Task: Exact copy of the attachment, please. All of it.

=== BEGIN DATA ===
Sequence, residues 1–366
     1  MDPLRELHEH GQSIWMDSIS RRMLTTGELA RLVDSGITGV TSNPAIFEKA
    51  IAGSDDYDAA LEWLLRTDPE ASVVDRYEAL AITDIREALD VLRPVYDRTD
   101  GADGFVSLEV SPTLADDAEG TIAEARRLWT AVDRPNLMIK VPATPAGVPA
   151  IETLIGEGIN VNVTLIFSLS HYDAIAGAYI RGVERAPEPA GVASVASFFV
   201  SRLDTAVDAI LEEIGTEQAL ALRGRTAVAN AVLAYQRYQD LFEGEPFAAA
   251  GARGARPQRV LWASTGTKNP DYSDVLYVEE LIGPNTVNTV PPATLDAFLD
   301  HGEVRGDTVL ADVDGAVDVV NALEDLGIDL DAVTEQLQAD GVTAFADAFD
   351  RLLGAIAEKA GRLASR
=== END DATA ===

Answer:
Sequence, residues 1–366
     1  MDPLRELHEH GQSIWMDSIS RRMLTTGELA RLVDSGITGV TSNPAIFEKA
    51  IAGSDDYDAA LEWLLRTDPE ASVVDRYEAL AITDIREALD VLRPVYDRTD
   101  GADGFVSLEV SPTLADDAEG TIAEARRLWT AVDRPNLMIK VPATPAGVPA
   151  IETLIGEGIN VNVTLIFSLS HYDAIAGAYI RGVERAPEPA GVASVASFFV
   201  SRLDTAVDAI LEEIGTEQAL ALRGRTAVAN AVLAYQRYQD LFEGEPFAAA
   251  GARGARPQRV LWASTGTKNP DYSDVLYVEE LIGPNTVNTV PPATLDAFLD
   301  HGEVRGDTVL ADVDGAVDVV NALEDLGIDL DAVTEQLQAD GVTAFADAFD
   351  RLLGAIAEKA GRLASR